Where should Geoff Cameron play for the U.S. national team?

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Right back? Central defense? Holding midfield?

This dude Geoff Cameron is perhaps the most versatile players the U.S. national team has on their roster and is also the only outfield player to have played regular in the Premier League for the past two seasons.

He simply has to slot into the USA’s starting lineup somewhere… but where?

Cameron, 28, has developed into one of Jurgen Klinsmann’s most reliable options across the backline over the past three seasons. Yet when asked about Cameron’s best position at the USA’s training camp at Stanford University on Wednesday, Klinsmann told reporters that Cameron’s best position is as a central defender. Right off the bat, that causes quite a few issues.

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Number one, throughout the last six to 12 months the preferred center back pairing of Omar Gonzalez and Matt Besler hasn’t done too much wrong in CONCACAF qualifying games. Number two, Cameron has played almost exclusively as a right back for Stoke who finished ninth in the PL this season and has also started there for the U.S. in that same time period. Number three, three center backs into two doesn’t go, so one of Cameron, Gonzalez or Besler will find themselves on the sidelines at the World Cup this summer.

Cameron’s play has been solid all season in the PL, with bigger clubs sniffing around him and the former Houston Dynamo standout even bagging two goals. Many forget that Cameron started off the World Cup qualifying campaign as the USMNT’s first choice center back pairing alongside Carlos Bocanegra with Clarence Goodson. Cameron was then switched to right back when Steven Cherundolo’s injuries curtailed his U.S. career and the Stoke defender has stayed at right back ever since for the U.S. with only a few appearances at center back and center mid since.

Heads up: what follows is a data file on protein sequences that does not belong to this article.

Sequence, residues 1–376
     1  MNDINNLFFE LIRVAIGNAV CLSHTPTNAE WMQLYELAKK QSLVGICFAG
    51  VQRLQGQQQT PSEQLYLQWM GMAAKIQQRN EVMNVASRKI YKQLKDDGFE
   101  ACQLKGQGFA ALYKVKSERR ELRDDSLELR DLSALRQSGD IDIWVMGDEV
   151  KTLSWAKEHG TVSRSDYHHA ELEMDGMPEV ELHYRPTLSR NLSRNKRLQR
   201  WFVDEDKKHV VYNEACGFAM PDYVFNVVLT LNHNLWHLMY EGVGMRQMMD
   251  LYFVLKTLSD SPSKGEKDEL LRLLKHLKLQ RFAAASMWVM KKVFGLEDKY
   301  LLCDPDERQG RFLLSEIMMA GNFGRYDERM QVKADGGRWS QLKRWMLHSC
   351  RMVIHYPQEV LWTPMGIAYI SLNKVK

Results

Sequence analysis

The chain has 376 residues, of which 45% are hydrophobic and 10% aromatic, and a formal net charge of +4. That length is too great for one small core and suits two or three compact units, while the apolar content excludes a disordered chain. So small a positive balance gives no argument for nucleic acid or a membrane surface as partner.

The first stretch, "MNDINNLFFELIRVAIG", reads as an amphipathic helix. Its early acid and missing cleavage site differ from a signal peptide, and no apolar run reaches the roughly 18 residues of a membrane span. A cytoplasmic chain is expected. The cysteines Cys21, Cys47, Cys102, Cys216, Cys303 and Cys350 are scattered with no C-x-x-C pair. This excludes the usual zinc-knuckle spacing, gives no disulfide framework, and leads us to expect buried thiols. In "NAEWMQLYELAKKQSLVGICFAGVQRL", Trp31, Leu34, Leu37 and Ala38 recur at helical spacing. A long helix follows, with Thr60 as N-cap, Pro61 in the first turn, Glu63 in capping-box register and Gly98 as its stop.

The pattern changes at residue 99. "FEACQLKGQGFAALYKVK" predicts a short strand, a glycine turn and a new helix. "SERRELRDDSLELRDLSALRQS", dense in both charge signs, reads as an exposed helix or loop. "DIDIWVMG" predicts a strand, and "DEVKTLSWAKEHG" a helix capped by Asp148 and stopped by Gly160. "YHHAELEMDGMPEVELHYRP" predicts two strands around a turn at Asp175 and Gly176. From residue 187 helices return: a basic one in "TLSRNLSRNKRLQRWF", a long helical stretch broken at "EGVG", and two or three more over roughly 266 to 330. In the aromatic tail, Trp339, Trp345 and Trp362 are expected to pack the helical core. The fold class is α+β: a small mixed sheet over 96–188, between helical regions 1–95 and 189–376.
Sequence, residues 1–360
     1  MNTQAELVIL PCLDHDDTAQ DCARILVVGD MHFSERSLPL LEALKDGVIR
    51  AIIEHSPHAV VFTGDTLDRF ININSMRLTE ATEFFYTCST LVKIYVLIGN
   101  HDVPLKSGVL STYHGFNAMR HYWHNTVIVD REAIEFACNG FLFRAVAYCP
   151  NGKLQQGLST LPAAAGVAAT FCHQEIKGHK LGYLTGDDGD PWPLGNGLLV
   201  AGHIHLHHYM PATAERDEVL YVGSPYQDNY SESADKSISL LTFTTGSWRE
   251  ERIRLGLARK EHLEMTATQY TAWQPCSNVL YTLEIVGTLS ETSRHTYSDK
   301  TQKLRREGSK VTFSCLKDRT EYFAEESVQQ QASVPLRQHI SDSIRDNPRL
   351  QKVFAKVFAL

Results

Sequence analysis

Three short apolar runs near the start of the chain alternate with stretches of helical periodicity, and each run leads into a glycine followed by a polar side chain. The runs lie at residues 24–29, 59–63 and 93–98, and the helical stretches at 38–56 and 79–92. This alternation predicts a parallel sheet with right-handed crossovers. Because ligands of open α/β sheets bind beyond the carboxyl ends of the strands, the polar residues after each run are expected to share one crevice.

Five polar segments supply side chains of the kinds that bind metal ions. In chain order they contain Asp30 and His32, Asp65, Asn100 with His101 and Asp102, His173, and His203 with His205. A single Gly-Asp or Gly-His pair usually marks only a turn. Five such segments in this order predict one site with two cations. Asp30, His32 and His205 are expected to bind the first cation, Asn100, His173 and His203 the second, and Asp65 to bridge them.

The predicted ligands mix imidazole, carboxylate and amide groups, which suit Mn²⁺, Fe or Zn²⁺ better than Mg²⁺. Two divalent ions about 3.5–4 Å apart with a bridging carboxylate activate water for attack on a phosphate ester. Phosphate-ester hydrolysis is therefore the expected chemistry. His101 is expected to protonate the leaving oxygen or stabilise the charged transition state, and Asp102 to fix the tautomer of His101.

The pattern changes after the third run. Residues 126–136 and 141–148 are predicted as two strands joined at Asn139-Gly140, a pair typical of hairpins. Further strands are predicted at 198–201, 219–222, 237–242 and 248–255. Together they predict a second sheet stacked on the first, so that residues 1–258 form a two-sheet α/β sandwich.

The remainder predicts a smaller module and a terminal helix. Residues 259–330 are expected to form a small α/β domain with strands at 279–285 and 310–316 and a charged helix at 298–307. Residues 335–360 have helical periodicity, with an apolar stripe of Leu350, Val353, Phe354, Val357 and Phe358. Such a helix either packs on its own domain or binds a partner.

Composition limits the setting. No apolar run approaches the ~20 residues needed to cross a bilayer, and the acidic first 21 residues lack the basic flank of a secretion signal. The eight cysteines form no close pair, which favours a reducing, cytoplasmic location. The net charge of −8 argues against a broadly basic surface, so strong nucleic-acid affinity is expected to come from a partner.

source: AP
Cameron’s size, poise on the ball and pace make him a perfect option at center back this summer.

He is comfortable on the ball, great in the air and has dealt with the pace of Premier League attackers for the past two seasons. Cameron can also operate just as effectively as a holding midfielder but with Michael Bradley and Jermaine Jones the preferred options there, all of a sudden it seems as though Cameron is in a straight fight for two center back spots with Gonzalez and Besler. In terms of Klinsmann’s criteria (USMNT players testing themselves at the highest level week in, week out) that he set out way back when, Cameron has ticked all of those boxes.

Should he start at center back in the World Cup opener against Ghana on June 16? With several options at right back and holding midfield set, that would make the USA extremely strong. In my opinion Cameron should start alongside Besler, even though the Sporting Kansas City captain has forged a great partnership with Gonzalez in recent months. The latter struggled against Mexico in Arizona during the March friendly and question marks have to be raised over his ability to distribute the ball and deal with pacey attackers at the highest level.

After watching Cameron closely all season over in England for Stoke, Klinsmann simply has to find a way to get him in to the starting lineup at the World Cup this summer.

If he doesn’t the U.S. national team could suffer.

Errors down, penalty kicks up after introduction of VAR in Italy

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The implementation of Video Assistant Referee (VAR) in Italy has been controversial, but according to a look at the statistics, it has for the most part done its job to fix clear and obvious errors.

Italian sports paper Gazzetta Dello Sport compiled all the times VAR has been used through 346 matches, 330 in Serie A and 16 in the Coppa Italia. There were 1,736 checks (916 goals, 464 penalties and 356 red cards) with 105 corrections and just 17 errors where the referee and assistant made the wrong decision. Eight of those errors did affect the result, which is an issue that will surely be addressed by the Italian officiating organization.